Imagine your 9th-grade daughter coming home from school one day and announcing that she has to go to a local reproductive health clinic: Planned Parenthood, say, or Choices Women’s Medical Center. She has to fill out a form indicating the clinic’s address, phone number, and hours, and noting whether the clinic offers birth control, pregnancy tests, emergency contraception, prenatal care, and sterilization. She will have to find out what it costs to have a consultation about birth control and write down the clinic’s confidentiality policy. Finally, she will have to map out the bus, train, or walking route she would use to get to the clinic. Not the route from home, mind you, but the route from school. This is your daughter’s homework.
This dystopian future is now. Many New York City children are already completing this outrageous assignment every year as part of the Reducing the Risk sex education program recommended by the NYC Department of Education. The program, currently offered at the discretion of the principal of each school, is in use in somewhere between 60% and 80% of schools. But starting next year, it will become even more common, thanks to a new mandate from the Bloomberg administration that every school teach a semester of sex education in 6th or 7th grade and another in 9th or 10th grade.
The new mandate requires that the curriculum teach kids how to use condoms. But the recommended Reducing the Risk program does much more than that: another homework activity involves a shopping trip to a local condom vendor to list the brand names of the condoms sold there and to indicate whether they are lubricated or not, reservoir or plain. The program mocks common sense and the wishes of the majority of parents by asking these fourteen-year-old students to decide which method of preventing pregnancy “seems best for you.” Here we find abstinence listed along with condoms; foam, jelly, cream; condoms plus another method; birth control pill; birth control patch or ring; Depo Provera; Implanon; and IUD. Most parents have a pretty clear idea of what “seems best” for their 9th-grade children.
But the recommended programs are “evidence based,” supporters will say. It’s true; the initial study in California showing a moderate delay in sexual debut after 18 months was replicated in two other studies. The program was also selected over 29 other possible programs by a panel of stakeholders. Only so-called “comprehensive” risk-reduction programs approved by the Sexuality Information and Education Council (SIECUS) and Advocates for Youth were considered, however, and abstinence-only risk-avoidance programs were deliberately excluded, so the program is ideology-based as well.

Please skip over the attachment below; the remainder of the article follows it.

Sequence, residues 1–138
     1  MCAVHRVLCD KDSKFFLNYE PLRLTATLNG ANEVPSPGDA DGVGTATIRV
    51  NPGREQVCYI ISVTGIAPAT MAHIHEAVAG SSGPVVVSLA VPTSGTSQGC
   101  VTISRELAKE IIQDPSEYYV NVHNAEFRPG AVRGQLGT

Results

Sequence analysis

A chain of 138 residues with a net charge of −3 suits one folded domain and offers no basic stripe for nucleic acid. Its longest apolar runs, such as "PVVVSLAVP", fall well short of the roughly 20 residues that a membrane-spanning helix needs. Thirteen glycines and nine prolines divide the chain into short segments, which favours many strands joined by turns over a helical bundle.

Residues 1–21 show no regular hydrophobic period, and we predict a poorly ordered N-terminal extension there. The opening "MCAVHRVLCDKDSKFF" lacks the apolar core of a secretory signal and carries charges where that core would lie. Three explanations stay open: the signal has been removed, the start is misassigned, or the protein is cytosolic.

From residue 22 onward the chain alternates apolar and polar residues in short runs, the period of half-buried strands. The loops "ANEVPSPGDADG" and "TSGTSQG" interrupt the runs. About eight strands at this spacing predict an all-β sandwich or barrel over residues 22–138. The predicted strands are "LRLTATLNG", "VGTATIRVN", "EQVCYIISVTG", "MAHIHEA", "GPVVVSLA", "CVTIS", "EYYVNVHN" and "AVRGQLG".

There are other programs that are also evidence-based, and that don’t offend the values of a substantial segment of New York City parents like the Reducing the Risk program does. A program developed and tested by Dr. John B. Jemmott III of the University of Pennsylvania, for instance, showed that more students in an abstinence-only program had delayed sexual debut after 24 months than students in the three control groups, which included students participating in a comprehensive program, students in a safer-sex-only program, and students in a health program with no sexual health content. Nor did the abstinence program have any negative effect on condom use among the students who did initiate sexual activity.
More importantly, Dr. Jemmott’s study was conducted in urban public schools in Philadelphia among African-American middle school students. Since the Bloomberg administration’s new mandate is purportedly part of an effort to help poor and minority students, why would the Jemmott program, tested on northeastern urban minority students, be verboten in favor of a program tested in California and Arkansas?
All of this led the Chiaroscuro Foundation, where I work as Executive Director, to host a press conference on the steps of City Hall yesterday to call on Mayor Bloomberg to allow at least one abstinence-only curriculum under the new mandate. Dr. Miriam Grossman of the World Youth Alliance spoke about the flaws in the City’s recommended curricula, detailed in a report she released yesterday. Dr. Nanci Coppola of Program Reach spoke about the shortcomings of a risk-reduction approach to sex education and about the successes of a risk-avoidance approach. She quoted Douglas Kirby, author of some of the evaluations of the Reducing the Risk curricula recommended by the city, who said that “it may actually be easier to delay the onset of intercourse than to increase contraceptive practice.”
Ed Mechmann, assistant director of the Family Life Respect Life Office of the Archdiocese of New York, spoke strongly about the necessity of parental involvement in deciding what is appropriate in sex education: “Who would think that the government knows better than parents what to say to children about sex and when? … No one would think that, because it is crazy.” Pastor Michel Faulkner of New Horizon Church in Harlem and Clergy for Better Choices spoke about the process used twenty years ago to get parental feedback on the question of sex education in schools, a process that has been completely short-circuited by a unilateral mandate from City Hall. We were helped by a report in Crain’s New York, referencing an op-ed in El Diaro La Prensa by the president of Planned Parenthood of New York, who was advocating for sex education in every grade and at every age. Not even the New York press would embrace such an extreme idea.